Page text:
Army medic is hailed a heroine for saving her commander under fire

AN ARMY medic braved sniper fire to save the life of her injured commander in Iraq.

Private Michelle Norris, 19, has been hailed as a heroine after she clambered on top of an armoured vehicle to treat an injured colleague while under fire.

The incident took place in the Maysan province of Iraq in June when Pte Norris was part of a patrol in support of the Iraqi security forces in Al Amarah.

Hide Ad
Hide Ad

The patrol came under attack while it was trying to recover a Warrior vehicle stuck in a ditch and the vehicle commander was wounded.

It is understood that Pte Norris, from Stourbridge, West Midlands, is to be recommended for a military honour for her bravery during her first tour of duty in Iraq.

In a statement released yesterday, Pte Norris, nicknamed "Chuck", who only recently qualified as a medic with the Royal Army Medical Corps, described the ordeal. She said: "[The incident] brought it home to me and I realised why I was here. It was my first casualty since training, which was pretty scary.

"On arrival at the scene, we stopped and when I heard 'dings' off the Warrior, I thought it was stones. All of a sudden, the driver, Private Nani Ratawake, shouted down to me that my commander had been hit.

"I jumped out the back of the Warrior, climbed up on top of the turret, looked down, and saw the extent of his injuries. I then heard the crack and a thump of a round going past my head. I was under fire from a sniper, which luckily just missed me.

"Ratawake pulled me down head first into the turret. A round went over and hit a battery which was at my knee height, so if he hadn't pulled me down at that point, my knee or my leg would have been shot. We managed to cross the turret and get my commander into the back, where one of the lads put a sweat rag over him. I got through and administered first aid, put a dressing on and checked his vital signs," she said.

Pte Nani Ratawake, who is known as "Destroyer", then drove to the helicopter landing point, where the casualty, who has not been named, was taken to a military field hospital.

Yesterday, Pte Norris's commanding officer, Lieutenant-Colonel David Labouchere, said: "Pte Norris acted completely selflessly and, in the face of great danger, concentrated on her job and saved someone else's life.

Hide Ad
Hide Ad

"She is part of a larger team, all of whom are acquitting themselves admirably when faced with danger," Lt-Col Labouchere added.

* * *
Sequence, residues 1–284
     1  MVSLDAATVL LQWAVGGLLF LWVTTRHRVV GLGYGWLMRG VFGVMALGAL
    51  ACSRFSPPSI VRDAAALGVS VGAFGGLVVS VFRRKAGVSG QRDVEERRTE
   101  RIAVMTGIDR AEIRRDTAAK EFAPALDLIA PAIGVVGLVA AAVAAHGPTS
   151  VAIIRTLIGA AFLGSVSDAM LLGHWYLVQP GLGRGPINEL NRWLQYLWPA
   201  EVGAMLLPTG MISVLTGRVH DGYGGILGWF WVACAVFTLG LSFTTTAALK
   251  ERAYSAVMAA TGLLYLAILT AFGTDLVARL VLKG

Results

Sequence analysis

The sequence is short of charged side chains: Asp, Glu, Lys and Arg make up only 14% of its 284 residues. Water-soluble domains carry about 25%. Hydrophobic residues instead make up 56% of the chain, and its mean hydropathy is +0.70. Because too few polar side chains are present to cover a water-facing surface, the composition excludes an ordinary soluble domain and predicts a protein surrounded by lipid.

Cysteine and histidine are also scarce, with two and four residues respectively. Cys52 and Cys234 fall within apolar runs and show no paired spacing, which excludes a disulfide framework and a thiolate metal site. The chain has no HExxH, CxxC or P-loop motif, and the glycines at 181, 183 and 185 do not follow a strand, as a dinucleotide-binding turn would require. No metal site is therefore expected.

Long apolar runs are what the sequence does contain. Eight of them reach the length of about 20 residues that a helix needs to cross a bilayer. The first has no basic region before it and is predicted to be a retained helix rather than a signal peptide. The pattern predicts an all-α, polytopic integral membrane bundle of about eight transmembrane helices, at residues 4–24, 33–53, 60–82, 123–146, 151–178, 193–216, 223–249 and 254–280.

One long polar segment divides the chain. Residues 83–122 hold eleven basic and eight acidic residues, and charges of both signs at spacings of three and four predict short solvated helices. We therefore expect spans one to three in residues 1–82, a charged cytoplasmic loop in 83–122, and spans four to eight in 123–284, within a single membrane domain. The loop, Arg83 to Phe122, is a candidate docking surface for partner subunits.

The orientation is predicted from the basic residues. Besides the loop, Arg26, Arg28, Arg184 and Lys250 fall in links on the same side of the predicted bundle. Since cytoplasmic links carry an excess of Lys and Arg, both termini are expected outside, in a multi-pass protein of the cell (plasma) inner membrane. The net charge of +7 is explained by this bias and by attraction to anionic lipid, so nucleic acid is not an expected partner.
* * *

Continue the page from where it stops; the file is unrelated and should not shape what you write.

Gaps in front-line medical services leave soldiers exposed

THE armed forces have only four-fifths of the qualified medical officers they require, the defence committee report warns today.

According to previously unpublicised Ministry of Defence (MoD) figures unearthed by the committee, the three services have less than 80 per cent of their proper complement of medical officers, with an overall shortfall of 22.1 per cent. And some of the biggest gaps are in the most important areas of medicine, especially emergency care.

Significantly, there is also a shortage of psychiatrists, the MPs observe.

As The Scotsman revealed earlier this year, since 2003 more than 1,500 British troops have been diagnosed with mental illnesses related to front-line deployments in Iraq.

A shortage of MoD psychiatric facilities means many traumatised soldiers are being treated privately, at considerable expense to the taxpayer.

More than 800 military victims of post-traumatic stress have been treated at clinics run by the Priory, the private "detox" centre favoured by celebrities and run by Chai Patel, a financial supporter of the Labour Party.

The committee is now planning an investigation into the shortage of medics, and particularly the suggestion that the soaring salaries paid by the NHS are luring crucial staff from the armed forces.

Hide Ad
Hide Ad

During their trip to the British Army's Shaibah hospital in Iraq in June, the defence committee heard from one military medic that he could double his salary if he left the army to work for the NHS.